(CNN) — Which countries are tightening their Covid corsets and which are letting it all hang loose? CNN Travel reveals all in our latest weekend round-up.
Here's what we learned in pandemic travel this week:
1. It's all kicking off in Australia
A man who'd arrived in Western Australia from Brisbane was arrested and charged after he fled his hotel room while under direction to return to Queensland.
Western Australia Police Force
First, controversial British media personality Katie Hopkins was deported from Australia for breaching quarantine and bragging about it on Instagram. Then Airbnb suspended an anti-vax host in Victoria for refusing accommodation to a couple because they'd had their Covid-19 vaccine jabs. On the same day, news broke that a 39-year-old man had allegedly used a rope made from bed sheets to shimmy down from a fourth-floor hotel room and flee quarantine in Western Australia.
Because Australia's Covid outbreak continues to spread, quarantine-free travel from all Australian states and territories to New Zealand will be now be suspended for at least eight weeks, New Zealand Prime Minister Jacinda Ardern and Covid-19 Response Minister Chris Hipkins announced on July 23.
2. A Covid-positive man disguised himself as his wife in order to fly
A Indonesian man who'd tested positive for Covid-19 was caught mid-air after disguising himself as his wife iso he could board a flight.
The man, who has been publicly identified only by the initials "DW," boarded a Citilink domestic flight from Jakarta to Ternate while wearing a niqab that covered him from head to toe, reported CNN affiliate CNN Indonesia.
A flight attendant reportedly told authorities that she saw "DW" go into an airplane bathroom, then come out wearing men's clothes instead of his disguise.
3. Canada will finally opens its borders next month
A closed border crossing in Surrey, Canada, in March 2020.
Liang Sen/Xinhua/Zuma Press
The 16-month wait is over. Beginning August 9, fully vaccinated citizens and permanent residents of the United States currently residing in the US will be permitted to enter Canada.
International travelers may also be allowed to enter Canada beginning September 7, provided the "Covid-19 epidemiology remains favorable," the Canadian government said in a statement on Monday.
Entry to Canada will continue to be prohibited for all foreign travelers who are not fully vaccinated.
4. France and Italy have introduced Covid 'health passes'
From August 1, no one will be allowed in any French bar, restaurant, shopping mall, concert hall or any long-distance train or airplane without a "sanitary pass" attesting to full vaccination or a recent negative Covid test. Violators could face fines of up to 45,000 euros ($53,000) and a year in jail.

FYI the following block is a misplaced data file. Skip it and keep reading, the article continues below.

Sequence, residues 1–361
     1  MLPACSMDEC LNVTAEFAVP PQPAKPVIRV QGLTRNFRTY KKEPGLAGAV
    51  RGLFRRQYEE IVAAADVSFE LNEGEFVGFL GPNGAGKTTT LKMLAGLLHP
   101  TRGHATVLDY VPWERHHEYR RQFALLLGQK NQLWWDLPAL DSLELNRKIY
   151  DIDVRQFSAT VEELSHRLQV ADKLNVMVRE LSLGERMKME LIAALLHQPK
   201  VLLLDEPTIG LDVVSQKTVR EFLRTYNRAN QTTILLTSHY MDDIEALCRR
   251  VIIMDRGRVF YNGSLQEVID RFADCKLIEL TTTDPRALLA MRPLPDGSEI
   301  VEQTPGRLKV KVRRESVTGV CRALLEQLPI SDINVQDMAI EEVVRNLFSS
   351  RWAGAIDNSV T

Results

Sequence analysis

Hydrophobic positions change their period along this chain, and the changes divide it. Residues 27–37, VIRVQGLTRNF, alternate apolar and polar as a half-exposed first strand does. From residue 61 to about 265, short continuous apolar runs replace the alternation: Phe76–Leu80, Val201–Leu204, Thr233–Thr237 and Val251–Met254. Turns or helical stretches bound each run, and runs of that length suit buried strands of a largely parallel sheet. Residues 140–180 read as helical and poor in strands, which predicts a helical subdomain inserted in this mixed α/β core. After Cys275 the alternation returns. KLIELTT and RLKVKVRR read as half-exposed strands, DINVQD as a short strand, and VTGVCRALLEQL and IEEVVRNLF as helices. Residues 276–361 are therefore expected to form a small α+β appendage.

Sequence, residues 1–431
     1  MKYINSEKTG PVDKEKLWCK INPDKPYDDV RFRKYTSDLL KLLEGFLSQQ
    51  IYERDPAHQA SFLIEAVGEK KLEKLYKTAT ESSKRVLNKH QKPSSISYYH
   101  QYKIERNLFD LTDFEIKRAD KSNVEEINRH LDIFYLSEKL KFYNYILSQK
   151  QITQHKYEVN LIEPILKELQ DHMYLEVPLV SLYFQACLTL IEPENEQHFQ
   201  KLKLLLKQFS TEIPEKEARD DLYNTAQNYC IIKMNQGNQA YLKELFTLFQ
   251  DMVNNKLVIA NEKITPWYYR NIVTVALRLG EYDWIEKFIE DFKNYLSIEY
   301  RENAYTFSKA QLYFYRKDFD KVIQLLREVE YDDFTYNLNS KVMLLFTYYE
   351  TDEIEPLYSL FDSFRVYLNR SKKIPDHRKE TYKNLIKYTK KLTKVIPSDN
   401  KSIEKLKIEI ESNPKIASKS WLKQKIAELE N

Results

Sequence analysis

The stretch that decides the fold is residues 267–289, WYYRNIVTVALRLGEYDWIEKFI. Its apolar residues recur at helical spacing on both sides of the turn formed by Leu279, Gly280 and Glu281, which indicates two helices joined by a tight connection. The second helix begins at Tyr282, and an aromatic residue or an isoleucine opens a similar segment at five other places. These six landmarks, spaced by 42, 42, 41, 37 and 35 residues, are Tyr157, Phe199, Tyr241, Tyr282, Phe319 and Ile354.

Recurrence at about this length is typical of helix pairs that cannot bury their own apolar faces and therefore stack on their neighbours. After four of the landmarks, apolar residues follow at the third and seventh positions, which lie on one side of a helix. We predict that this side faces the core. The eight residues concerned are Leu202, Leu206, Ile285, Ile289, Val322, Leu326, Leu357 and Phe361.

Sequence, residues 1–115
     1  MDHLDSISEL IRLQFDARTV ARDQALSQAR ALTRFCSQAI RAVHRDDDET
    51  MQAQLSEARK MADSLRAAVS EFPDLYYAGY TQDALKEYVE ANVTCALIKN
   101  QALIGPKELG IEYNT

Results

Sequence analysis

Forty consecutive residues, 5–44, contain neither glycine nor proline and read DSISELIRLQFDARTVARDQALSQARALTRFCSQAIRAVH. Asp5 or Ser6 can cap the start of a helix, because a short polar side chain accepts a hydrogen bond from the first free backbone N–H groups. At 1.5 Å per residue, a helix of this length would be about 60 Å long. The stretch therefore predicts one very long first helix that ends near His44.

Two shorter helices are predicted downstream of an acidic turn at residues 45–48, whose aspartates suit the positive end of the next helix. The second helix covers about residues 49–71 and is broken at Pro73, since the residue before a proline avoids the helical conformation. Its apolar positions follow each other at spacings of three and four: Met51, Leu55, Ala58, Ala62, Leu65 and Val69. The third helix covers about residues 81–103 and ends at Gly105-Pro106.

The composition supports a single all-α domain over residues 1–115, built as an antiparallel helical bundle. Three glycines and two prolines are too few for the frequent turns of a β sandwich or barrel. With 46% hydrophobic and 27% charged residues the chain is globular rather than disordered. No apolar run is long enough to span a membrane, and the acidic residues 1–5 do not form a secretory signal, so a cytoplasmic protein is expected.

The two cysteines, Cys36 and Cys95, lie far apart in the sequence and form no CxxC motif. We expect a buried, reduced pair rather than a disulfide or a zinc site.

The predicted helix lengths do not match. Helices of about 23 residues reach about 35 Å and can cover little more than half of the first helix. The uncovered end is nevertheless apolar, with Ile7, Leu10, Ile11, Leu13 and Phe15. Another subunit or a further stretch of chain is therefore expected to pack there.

Last week marked a record in terms of France's vaccination appointment bookings, with around 3.7 million French people signing up to get vaccinated, according to a tweet from medical booking site Doctolib on Monday.
5. England has lifted lockdown, but cases are still rising
People party at The Piano Works in Farringdon, London, on July 19 -- England's so-called "Freedom Day."
England, the most populous of the UK's four countries, lifted almost all of its remaining coronavirus-related restrictions on Monday, on what was dubbed by the British media as "Freedom Day."
While most of the UK's adult population is now doubly vaccinated, the number of cases is rising fast. England is the only UK nation to have made the leap to leave lockdown.
Proof of double vaccination against Covid-19 will be required in England for entrance into nightclubs and venues with large crowds by the end of September, but currently, they are open to all.
6. Marmots don't give a **** about our travel rules
Wildlife officials in Arizona got a big surprise when they found out the marmot they trapped had traveled to the Phoenix area all the way from Crested Butte, Colorado.
A marmot named Fork made an epic 600-mile trip from Colorado to Phoenix by hitching a ride under a car.
The plucky ground squirrel made it all the way from Crested Butte to Phoenix, a journey Arizona wildlife officials estimate to have taken about 10 hours.
She was tracked by her ear tag number and has been safely returned to her flock in Colorado.
7. There's a new 'world's best airline'
AirlineRatings.com has released its annual round-up of the world's best airlines, ready to help fliers decide which carrier to choose for their return to the skies.
For 2021, there's a new entry at No. 1: Qatar Airways jumped up the rankings to nab the top spot, beating out previous winner Air New Zealand, which has topped the list six times in recent years and this year came in at No. 2.
Geoffrey Thomas, editor-in-chief of AirlineRatings.com tells CNN Travel it was Qatar Airways' commitment to keeping its route network largely open during the pandemic that sealed the deal.
8. Revenge is good, but road trips are better
Three young women say they found out that they'd all been dating the same guy, each believing they were in an exclusive relationship.
So Bekah King, Abi Roberts and Morgan Tabor took the best possible course of action. They dumped the dude, became BFFs, and now they're on an epic road trip across the Western United States in a 30-year-old school bus they bought and renovated.
As sweet justice goes, it sure beats putting fish down the back of a radiator.
9. Paneled walls are good, but panoramas are better
Nap under a blue Caribbean sky at Four Seasons Resort & Residences Anguilla.
Christian Horan Photography/Courtesy Four Seasons Anguilla
There's nothing quite like a global pandemic for getting us hankering for some wide open spaces and gulps of fresh clean air.
Whether you're looking for a Caribbean escape or starry nights on Kenyan savannah's, Juliet Izon's list has you covered.